New Safety Measures After NYC Rock-Blasting Mishap

The MTA says a superintendent will now have to sign off on a pre-blast checklist

By Andrew Siff
|  Friday, Sep 14, 2012  |  Updated 3:22 AM EDT
View Comments (
)
|
Email
|
Print
Blasting is set to resume Friday, weeks after a construction mishap sent rocks showering down onto busy streets.  As News 4's Andrew Siff explains, the MTA's decision has some people fired up.

NBC 4 New York

Blasting is set to resume Friday, weeks after a construction mishap sent rocks showering down onto busy streets. As News 4's Andrew Siff explains, the MTA's decision has some people fired up.

advertisement
Photos and Videos

2nd Avenue Subway Blast Rattles Nerves

Most residents are used to the construction that comes with the building of the Second Avenue subway. But some nerves were rattled when a planned explosion went awry. Marc Santia has the story from the Upper East Side.

VIDEO: Tenants' 2nd Ave Cough Gripe

People living around the Second Avenue Subway project say dust is causing them to cough.
More Photos and Videos

Transit officials have come up with new safety measures as the result of a controlled blast last month that sent rocks flying into Manhattan streets.

Construction workers were blasting on Aug. 21 to create an escalator for the planned Second Avenue subway line. The debris rained when two 1,800-pound steel plates were lifted.

The Metropolitan Transportation Authority says a superintendent will now have to sign off on a pre-blast checklist.

A second licensed blaster will verify that proper preparations have been made.

A double layer of protective mats will be used when blasting in shafts.

Blasting will resume Friday in the station cavern. It will resume next week at the ancillary shaft where the incident occurred.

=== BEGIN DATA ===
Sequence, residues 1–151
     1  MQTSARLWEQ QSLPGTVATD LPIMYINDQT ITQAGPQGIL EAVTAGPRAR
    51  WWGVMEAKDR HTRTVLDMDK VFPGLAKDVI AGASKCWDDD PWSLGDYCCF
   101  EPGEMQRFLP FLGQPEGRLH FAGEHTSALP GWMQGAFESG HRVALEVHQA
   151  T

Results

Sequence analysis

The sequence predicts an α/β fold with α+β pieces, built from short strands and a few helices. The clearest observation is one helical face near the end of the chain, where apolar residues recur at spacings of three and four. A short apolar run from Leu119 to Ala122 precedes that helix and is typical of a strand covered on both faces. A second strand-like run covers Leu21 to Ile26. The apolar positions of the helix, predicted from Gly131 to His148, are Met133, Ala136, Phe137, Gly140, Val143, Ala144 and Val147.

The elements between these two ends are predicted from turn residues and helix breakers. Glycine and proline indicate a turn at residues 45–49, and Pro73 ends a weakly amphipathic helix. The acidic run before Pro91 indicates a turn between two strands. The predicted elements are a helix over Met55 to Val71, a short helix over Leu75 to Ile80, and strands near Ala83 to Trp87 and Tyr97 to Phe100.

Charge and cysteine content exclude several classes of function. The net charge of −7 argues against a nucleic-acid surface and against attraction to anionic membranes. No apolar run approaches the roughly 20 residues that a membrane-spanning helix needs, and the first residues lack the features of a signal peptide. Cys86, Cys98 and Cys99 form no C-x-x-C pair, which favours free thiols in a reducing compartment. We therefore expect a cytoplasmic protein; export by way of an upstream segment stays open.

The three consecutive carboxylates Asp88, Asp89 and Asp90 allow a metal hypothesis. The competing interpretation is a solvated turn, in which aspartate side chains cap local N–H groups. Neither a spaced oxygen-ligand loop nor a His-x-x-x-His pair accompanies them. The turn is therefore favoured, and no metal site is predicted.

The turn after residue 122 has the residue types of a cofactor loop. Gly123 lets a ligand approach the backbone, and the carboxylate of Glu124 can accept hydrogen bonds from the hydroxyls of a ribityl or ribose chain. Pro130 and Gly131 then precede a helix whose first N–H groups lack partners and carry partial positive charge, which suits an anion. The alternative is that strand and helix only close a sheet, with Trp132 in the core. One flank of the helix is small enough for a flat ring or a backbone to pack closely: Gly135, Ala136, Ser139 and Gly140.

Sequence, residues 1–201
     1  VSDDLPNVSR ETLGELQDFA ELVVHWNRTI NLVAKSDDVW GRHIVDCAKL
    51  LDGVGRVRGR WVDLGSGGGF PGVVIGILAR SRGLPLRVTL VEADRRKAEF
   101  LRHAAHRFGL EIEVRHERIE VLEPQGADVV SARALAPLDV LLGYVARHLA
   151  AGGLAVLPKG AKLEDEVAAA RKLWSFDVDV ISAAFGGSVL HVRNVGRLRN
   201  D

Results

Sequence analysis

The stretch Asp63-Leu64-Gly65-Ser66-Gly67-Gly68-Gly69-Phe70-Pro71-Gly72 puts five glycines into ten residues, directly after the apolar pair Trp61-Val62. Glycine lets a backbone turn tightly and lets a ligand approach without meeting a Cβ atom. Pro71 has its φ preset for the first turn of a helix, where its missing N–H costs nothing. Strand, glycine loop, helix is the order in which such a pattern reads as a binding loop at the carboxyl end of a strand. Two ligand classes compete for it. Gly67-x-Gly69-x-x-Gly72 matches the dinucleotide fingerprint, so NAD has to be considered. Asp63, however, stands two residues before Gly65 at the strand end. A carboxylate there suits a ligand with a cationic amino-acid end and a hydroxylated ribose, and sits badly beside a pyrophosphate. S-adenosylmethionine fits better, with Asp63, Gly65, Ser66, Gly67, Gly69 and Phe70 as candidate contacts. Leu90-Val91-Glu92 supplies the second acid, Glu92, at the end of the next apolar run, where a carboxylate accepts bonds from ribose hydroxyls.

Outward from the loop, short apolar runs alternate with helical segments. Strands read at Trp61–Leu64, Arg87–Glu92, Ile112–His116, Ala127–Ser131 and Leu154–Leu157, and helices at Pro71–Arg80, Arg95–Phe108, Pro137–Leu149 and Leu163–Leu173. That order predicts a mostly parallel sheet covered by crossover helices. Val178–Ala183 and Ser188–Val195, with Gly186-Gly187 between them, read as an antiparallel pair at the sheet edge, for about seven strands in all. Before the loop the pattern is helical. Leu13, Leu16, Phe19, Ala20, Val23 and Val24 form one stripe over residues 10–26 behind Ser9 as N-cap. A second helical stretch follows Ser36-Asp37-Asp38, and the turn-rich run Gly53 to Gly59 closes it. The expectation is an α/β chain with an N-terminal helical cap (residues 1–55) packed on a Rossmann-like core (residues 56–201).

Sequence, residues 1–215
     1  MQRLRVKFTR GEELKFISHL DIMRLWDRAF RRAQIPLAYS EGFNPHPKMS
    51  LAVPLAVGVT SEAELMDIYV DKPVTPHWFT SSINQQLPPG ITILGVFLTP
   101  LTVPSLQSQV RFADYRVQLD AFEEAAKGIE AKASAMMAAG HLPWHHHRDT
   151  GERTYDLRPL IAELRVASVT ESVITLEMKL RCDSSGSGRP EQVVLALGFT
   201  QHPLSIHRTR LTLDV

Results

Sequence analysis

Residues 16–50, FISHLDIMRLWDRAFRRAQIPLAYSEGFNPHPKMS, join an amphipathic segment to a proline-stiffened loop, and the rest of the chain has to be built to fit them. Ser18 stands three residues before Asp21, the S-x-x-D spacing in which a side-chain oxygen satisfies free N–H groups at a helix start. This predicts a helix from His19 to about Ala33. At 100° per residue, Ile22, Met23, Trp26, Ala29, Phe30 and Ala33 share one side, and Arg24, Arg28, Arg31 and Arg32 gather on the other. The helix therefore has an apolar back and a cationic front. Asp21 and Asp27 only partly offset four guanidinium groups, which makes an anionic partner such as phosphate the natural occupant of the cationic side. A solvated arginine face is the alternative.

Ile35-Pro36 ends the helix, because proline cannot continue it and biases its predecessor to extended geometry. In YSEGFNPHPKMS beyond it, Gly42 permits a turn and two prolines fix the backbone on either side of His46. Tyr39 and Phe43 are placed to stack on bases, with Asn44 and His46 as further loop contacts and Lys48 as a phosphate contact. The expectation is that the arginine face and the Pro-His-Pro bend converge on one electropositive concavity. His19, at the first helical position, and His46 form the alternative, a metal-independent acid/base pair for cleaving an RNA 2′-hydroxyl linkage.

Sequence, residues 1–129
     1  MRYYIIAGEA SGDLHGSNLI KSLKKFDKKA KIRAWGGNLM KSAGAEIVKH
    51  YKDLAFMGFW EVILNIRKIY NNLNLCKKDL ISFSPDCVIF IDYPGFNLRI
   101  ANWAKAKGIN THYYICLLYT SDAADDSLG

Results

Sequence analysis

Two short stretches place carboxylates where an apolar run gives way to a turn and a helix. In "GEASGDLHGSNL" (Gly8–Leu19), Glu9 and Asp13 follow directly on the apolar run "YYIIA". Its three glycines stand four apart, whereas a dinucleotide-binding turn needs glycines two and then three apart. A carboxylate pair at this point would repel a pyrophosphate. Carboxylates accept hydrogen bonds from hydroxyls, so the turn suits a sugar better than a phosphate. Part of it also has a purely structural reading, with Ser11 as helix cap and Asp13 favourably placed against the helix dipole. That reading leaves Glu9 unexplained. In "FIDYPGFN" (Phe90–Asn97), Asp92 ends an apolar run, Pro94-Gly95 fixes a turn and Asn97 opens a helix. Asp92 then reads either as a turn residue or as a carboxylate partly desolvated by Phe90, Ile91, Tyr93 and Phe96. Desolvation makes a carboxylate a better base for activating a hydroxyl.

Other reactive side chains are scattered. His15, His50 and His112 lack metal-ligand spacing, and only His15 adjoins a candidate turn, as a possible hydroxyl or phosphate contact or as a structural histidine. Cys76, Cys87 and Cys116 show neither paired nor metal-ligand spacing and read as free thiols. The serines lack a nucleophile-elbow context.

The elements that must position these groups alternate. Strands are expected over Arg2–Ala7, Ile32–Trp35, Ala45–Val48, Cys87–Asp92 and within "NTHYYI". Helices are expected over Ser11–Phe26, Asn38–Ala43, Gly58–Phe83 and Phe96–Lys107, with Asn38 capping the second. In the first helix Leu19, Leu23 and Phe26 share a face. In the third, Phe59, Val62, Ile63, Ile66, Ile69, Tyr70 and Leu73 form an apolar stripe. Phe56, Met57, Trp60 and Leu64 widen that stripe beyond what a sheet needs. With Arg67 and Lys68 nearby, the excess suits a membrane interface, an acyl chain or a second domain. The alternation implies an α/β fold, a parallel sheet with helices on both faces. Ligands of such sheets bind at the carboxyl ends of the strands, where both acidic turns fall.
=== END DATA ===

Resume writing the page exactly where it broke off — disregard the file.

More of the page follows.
The safety changes haven't convinced Claude Kolb, whose art gallery on 72nd Street and 2nd Avenue has been closed since the botched explosion shook the building and cracked his floor. The MTA and the landlord won't let him back in.

"The bottom line is, I'm out of business," he said. "I don't know when we'll be able to open up again." 

Others in the neighborhood say it's time ot get the decades-delayed, $4.5 billion project back on track.

"They have to. They gotta build a subway," said Upper East Side resident Pierre Merle. "Accidents happen, and I think this been a relatively safe project." 

The Second Avenue subway, one of the biggest transportation projects in the country, is scheduled to be completed December 2016. 

Get the latest from NBC 4 New York anywhere, anytimeiPhone/iPad App | SMS AlertsTwitter | Facebook | Google+ | Instagram | RSS

Get the latest headlines sent to your inbox!
View Comments (
)
|
Email
|
Print
Leave Comments
What's New
Follow us on Instagram!
We post photos taken by our news team... Read more
Follow Us
Sign up to receive news and updates that matter to you.
Send Us Your Story Tips
Check Out